That of course means nothing when the wonderful vagaries of sport are applied to simple mathematics, but quite simply full points at home this week would go a long way to salving their survival.

Twenty minutes is not a long time in the duration of a first class cricket match scheduled for four days.

But twenty minutes was all it took for the team from the North West to demolish any hopes of a solid start. Four wickets fell as fast as hopes crumbled.

Two each to McLaren and Bailey, sounding more like a provincial firm of accounts, than Ryan and Tom, two excellent bowlers capitalising on the gunmental grey conditions with forbidding, overcast grey skies that made you ask why Australian captain Adam Voges, winning the toss chose to insert the visitors.

Perhaps the clue was in the word Australian as never has a sportsman from that country ever taken a backward step, even if you did wonder if he had Subiaco-born 37-year-old had momentarily confused the dry Perth pitches of his hometown with St John’s Wood in mid-September, albeit on a pitch that would worsen rather than improve for batsmen of course.

And so it began. Nick Compton went for nought after McClaren trapped him leg before with the score 0-1 in only the second over of the day. Sam Robson was next to fall, for six as Davies snaffled a chance off McLaren for his second wicket the score 11-2.

Steve Eskinazi was third down for seven, caught Villas off Bailey at 25-3, before Dawid Malan – England’s Dawid Malan – went for 12 as Davies and Bailey combined again with the score on 28-4.

Voges then moved the score on to 80-4 at lunch with 18 not out, in tandem with unbeaten John Simpson on a doughty 25 from 74 balls.

This Middlesex team has character. It has shown that many times during their rise under Gus Fraser since 2011.

They need to show it again now.

For didn’t Bob Dylan also sing Honey Just Allow Me One More Chance.

Unfortunately for Voges he didn’t get a second chance straight after lunch as he was out without moving the score as Baily grabbed his third wicket and first lbw.

James Harris was net to fall one run later as McLaren castled him for his third wicket.

81-6 soon became 89-7 after Simpson was out for a battling 29 off 103 balls as Bailey made it wicket number four with Davies showing safe hands for his third catch.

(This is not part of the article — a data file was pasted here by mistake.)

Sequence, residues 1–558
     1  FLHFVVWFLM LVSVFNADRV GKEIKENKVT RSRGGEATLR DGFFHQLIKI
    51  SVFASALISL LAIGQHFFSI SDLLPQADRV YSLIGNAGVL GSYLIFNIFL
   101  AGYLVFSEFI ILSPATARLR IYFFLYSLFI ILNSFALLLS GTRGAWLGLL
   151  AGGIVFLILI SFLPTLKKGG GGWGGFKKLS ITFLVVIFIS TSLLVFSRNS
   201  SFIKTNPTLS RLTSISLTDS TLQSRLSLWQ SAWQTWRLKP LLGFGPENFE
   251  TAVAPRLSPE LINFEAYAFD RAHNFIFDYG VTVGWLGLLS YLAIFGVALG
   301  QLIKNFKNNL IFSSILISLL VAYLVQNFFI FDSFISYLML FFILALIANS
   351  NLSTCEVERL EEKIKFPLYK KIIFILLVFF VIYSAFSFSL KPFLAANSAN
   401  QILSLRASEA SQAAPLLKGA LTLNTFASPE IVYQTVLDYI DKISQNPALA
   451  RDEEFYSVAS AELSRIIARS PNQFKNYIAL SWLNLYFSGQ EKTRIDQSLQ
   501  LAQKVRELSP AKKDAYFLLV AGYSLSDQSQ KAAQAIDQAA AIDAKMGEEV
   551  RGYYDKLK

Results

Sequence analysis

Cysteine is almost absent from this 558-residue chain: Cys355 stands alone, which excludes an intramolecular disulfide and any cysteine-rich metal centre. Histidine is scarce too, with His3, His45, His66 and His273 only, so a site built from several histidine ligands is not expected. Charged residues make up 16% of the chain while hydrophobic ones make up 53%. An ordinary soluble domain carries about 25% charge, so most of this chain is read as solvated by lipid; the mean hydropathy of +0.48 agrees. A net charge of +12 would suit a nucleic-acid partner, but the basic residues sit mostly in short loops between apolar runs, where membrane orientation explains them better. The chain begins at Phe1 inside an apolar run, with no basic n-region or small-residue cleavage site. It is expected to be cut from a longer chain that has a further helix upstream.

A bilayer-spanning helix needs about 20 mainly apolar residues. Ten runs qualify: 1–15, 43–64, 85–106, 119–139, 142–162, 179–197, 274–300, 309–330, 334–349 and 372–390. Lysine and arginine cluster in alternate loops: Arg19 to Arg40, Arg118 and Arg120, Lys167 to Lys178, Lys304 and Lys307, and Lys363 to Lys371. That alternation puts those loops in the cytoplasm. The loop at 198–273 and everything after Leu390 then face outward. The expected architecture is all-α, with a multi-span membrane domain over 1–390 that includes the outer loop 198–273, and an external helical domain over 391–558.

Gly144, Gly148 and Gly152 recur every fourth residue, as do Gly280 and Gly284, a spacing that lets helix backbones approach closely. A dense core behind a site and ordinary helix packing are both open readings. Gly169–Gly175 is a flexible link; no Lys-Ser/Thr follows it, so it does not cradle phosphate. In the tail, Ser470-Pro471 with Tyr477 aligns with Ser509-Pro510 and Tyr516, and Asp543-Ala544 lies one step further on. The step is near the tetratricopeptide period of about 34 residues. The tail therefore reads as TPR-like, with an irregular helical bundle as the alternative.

At this point many wondered if the Seaxes would reach three figures.

But that was without factoring the grit and determination Middlesex’s tail, especially Rayner, England’s ‘Ro-Jo’s as his team-mates call him, and Tim Murtagh.

Big Rayner put on 102 with Roland-Jones for the eighth-wicket partnership before Jarvis trapped him leg before with the score on a far more respectable 191-8 as he departed to an ovation for his 53 off 102 balls.

The Watford Wall, Steve Finn was next in as the home side notched a valuable batting point before Bailey grabbed his fifth wicket as the England paceman fell for eight and Middlesex 208-9. The impish Murtagh then hit a vital 18 before he succumbed to McLaren, as fittingly given his efforts Bailey held a catch at mid-on.

It was just as fitting that Rayner had also reached his half-century moments earlier to end on 52 not out – a sterling effort from this underrated lower order batsman who has two first class centuries to his name.

The tail had wagged enough to post a score that kept Middlesex in the game as Lancashire went out to bat.

Could a sloppy 45 minutes in the field have cost the visitors dear?

At 40-3 after Roland-Jones had promising England youngster Haseem Hasbeeb lbw for three to make it 22-1 with Murtagh adding Davies for 19, also lbw the next over with score the same and Murtagh bowling Vilas for five it certainly felt that way.

Nick Compton then caught Livingstone off Finn for 16 as the away team stood at a precarious 56-4.

The steadfast – and timeless at 43 – Shivnarane Chanderpaul came out to stem the flow somewhat before Voges caught him off Roland-Jones on 29.

But as Lancashire ended on 113-5 at the close – on a day when 15 wickets fell – you were reminded of another Dylan tune, ‘I Threw It All Away’.